With both Gulf of Mexico and Caribbean Ocean shorelines, the Yucatan peninsula in southeastern Mexico is one of the most naturally rich and culturally significant states in the country. It is the birthplace of the sophisticated Mayan civilization, with vibrant cities shaped by Spanish colonial influence.
Explore the city's historic cathedral, vibrant handicrafts markets, and pristine beaches of this UNESCO World Cultural Heritage Site. Spend a day wandering the cobbled streets lined with homes painted sunflower yellows and Caribbean blues and duck into museums in this walled Spanish colonial town on the Yucatan's west coast.
Edzna is considered one of Mexico’s most advanced pre-Columbian cities, and by 650 A.D. it as many as 70,000 Mayans may have lived there. The ruins display evidence of a sophisticated settlement with temples, an amphitheater, a ball court and an entire system of water canals. Plan to visit on a Friday or Saturday evening when a light and sound show adds drama to the experience.Learn More
Isla Aguada is a fishing village strung along a stretch of land with the Gulf of Mexico on one side and a tranquil lagoon on the other —making it Ideally situated for boating. Zip out on the water with a guide and and be on the lookout for sleek dolphins playing in the water before surveying Isla Pajaros, an avian wonderland of seabirds.
Family and friends gather across Mexico during this multi-day holiday to remember loved ones who have died by creating elaborate altars, preparing special meals, dancing and marching in processions.
Kick off the Lenten season with parades, a battle of flowers, live bands and popular performers for Carnival in town plazas, such as Merida and Campeche.
Join families as they mark the the Feast of the Epiphany when the Magi (three kings or wise men) visited the Baby Jesus, by giving gifts to children and eating sweet wreath-shaped “Rosca de Reyes” cakes.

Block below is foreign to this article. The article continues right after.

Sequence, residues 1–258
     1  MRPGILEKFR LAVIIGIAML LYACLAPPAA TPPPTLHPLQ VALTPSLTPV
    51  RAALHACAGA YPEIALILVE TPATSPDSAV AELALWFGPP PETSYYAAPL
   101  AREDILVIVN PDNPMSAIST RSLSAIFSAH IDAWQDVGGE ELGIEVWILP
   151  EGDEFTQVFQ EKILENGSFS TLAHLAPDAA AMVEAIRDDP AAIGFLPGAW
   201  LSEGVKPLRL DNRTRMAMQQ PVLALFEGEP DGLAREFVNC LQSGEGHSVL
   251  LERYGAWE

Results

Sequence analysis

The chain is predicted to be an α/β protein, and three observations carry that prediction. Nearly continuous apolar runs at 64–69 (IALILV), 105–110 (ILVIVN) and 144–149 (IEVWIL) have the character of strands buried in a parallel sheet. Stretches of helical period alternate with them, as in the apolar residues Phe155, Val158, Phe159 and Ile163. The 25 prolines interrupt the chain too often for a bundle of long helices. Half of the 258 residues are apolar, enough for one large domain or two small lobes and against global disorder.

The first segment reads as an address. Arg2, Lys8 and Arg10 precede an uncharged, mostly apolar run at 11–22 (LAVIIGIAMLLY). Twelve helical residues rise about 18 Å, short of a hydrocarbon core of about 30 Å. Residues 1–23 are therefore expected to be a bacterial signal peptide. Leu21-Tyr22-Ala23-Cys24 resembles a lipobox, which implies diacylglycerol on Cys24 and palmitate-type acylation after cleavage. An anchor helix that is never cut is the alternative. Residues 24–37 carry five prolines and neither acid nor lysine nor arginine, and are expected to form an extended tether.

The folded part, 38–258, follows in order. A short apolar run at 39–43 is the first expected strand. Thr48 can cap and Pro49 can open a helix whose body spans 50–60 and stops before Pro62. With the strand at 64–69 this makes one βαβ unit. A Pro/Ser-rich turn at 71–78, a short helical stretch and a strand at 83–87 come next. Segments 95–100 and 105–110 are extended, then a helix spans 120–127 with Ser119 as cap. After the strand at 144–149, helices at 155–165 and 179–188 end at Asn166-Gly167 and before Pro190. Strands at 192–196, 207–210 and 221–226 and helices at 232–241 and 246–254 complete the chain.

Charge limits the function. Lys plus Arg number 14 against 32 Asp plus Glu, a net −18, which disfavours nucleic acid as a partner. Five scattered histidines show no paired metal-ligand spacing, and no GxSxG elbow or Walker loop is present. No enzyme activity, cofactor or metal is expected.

This religious celebration at the Basilica of the Virgin of Guadalupe in Hidalgo to mark the place where the Virgin appeared to the Mexican people through Juan Diego. A mass is followed by live music and dance performances and vendors selling traditional food and crafts.
Birders flock together for one colorful weekend of birdwatching tours, workshops, and a bird count to celebrate and raise awareness about the Yucatan’s diverse bird population.
Fireworks kick of this annual event marking the 1542 founding of Merida, the Yucatan’s capital city. Big name bands and local folk favorites take the stage for events throughout the city during this three week-long fiesta.
This national holiday commemorates the “Cry of Dolores” on September 16, 1810, the battle cry for the Mexican War of Independence against the Spanish colonial government, with parades, patriotic programs and concerts.
This high holy week leading up to Easter is marked by passion plays in town squares and religious processions in the streets. Families often celebrate the time off from work and school at the beach.
Gather to mark a new season as the ancient Mayans did at Chichen Itza on the spring equinox and watch as the sun moves across the pyramids like a great serpent.
Music is central to life in Mexico, and this festival in Merida highlights live music in the trova—traditional Cuban guitar style—tradition.